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    I Have Sinned: US Nun Caught Smuggling Two Pounds of Cocaine in Heels

    © AFP 2019 / GABRIEL BOUYS
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    A Missouri nun was caught trying to smuggle about two pounds of cocaine through an airport in Sydney, Australia. To make matters even more impious, she claims she was duped into the crime by her internet lover.

    Denise Marie Woodrum, a 51-year-old nun who is a sister of the Adorers of the Blood of Christ religious order, was caught traveling with cocaine stuffed into the heels of a pair of shoes in August 2017, the Sydney Morning Herald reported Monday. 

    Last week, Rebecca Neil, Woodrum's lawyer, told District Court Judge Penelope Wass that her client was tricked into smuggling the drugs for a man she met online who goes by the name Hendrik Cornelius.

    "She was groomed to provide a financial gain for this person, Hendrik Cornelius, whatever person or persons it was behind this identity," Neil said, the Sydney Morning Herald reported.
    "She went on this trip thinking she was bringing artifacts for him."

    According to Neil, Woodrum believed she had met a special someone after enduring a failed marriage and health issues. Although she had exchanged hundreds of texts with Cornelius, Woodrum had never met him in person.

    "Can you promise you will never leave me?" Woodrum allegedly texting Cornelius last July. "You are my Only and First True Family!!!"

    Last January, Woodrum pleaded guilty to importing a commercial quantity of a border controlled drug, the New York Post reported Monday.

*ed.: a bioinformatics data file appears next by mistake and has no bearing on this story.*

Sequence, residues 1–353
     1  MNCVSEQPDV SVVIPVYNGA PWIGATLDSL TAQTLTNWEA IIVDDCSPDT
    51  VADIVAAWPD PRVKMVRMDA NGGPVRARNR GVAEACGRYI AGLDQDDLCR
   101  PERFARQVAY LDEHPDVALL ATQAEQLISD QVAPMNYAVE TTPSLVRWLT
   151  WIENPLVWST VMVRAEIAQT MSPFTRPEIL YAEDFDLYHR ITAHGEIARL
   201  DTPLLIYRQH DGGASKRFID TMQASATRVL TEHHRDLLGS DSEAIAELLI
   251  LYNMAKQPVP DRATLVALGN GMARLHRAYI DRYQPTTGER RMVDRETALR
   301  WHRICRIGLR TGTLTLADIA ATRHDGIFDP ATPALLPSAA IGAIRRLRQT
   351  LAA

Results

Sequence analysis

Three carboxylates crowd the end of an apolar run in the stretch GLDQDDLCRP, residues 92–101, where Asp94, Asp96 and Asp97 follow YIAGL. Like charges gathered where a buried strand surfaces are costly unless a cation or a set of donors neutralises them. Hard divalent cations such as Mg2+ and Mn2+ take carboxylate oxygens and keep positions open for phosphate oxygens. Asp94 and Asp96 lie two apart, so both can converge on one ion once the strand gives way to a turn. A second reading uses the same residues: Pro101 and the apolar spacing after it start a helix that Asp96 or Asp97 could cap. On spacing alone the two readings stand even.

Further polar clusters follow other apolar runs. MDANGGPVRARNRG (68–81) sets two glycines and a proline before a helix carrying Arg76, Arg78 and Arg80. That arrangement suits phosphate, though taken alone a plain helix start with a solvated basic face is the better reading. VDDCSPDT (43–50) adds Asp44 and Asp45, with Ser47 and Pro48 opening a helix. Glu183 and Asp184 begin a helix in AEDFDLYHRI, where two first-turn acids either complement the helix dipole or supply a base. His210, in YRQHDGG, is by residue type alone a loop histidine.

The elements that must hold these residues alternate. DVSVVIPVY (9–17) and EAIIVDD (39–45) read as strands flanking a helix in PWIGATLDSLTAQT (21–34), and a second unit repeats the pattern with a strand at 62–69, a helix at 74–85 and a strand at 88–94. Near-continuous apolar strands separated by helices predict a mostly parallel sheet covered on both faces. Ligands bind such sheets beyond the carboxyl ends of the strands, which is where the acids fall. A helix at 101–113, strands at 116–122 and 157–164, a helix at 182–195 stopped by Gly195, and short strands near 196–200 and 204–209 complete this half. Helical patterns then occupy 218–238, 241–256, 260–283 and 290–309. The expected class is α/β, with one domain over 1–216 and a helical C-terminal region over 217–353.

According to Judge Wass, she found Woodrum's claim that she was tricked by an online lover "inconsistent and unbelievable."

    "I am less than convinced by her explanation," she said, the Sydney Morning Herald reported Monday. 

    Prosecutor Ben Dunstan also claims that there is evidence that Woodrum was fully aware she was part of a plot to smuggle cocaine.

    According to Dunstan, Woodrum flew from Missouri to Texas and then to Trinidad and Tobago on July 18. The following day, she traveled to Suriname, a small country on the northeastern coast of South America. On July 25, she texted an individual named Stacie, saying, "This whole trip is paid for and will get additional payment for work."
    Just a few days later, on July 30, she texted Cornelius, "Riding in his car to get stuff no signature needed." She then texted him an expense list for hotels and flights on August 2 before traveling to Sydney, where she was caught with the cocaine. 

    When she was told that cocaine had been found in the shoes in her suitcase, Woodrum allegedly replied, "Why, how much did you find?" Dunstan claims that the cryptic text messages and sporadic traveling, as well as the fact that while she was in Sydney, Cornelius kept sending her messages like "Are you ok?," "What are you doing honey?," "Shuttle?" and "In taxi?," indicate that Woodrum knew she was part of a drug smuggling operation.

    Ever since Woodrum was arrested last August, she has been in custody. She will be sentenced next month.

    Woodrum's dad, Tom Rozanski, told the Herald that his daughter's arrest was "a big shock to the whole family."

    "It just came out of the blue," Rozanski said, also adding that his daughter was a former teacher with a master's degree in marketing who had undergone a hysterectomy and struggled with depression.

    "All of a sudden she met someone she talked to," he said. "She said she was going to be doing some traveling."

    "Life took a turn. She has never done anything like this before, and this experience has been difficult for me to understand. Mostly because none of our family has had anything happen to them that even remotely resembles what Denise has done," he continued.

    "I'm just hoping the best for her; that's all I can tell you."


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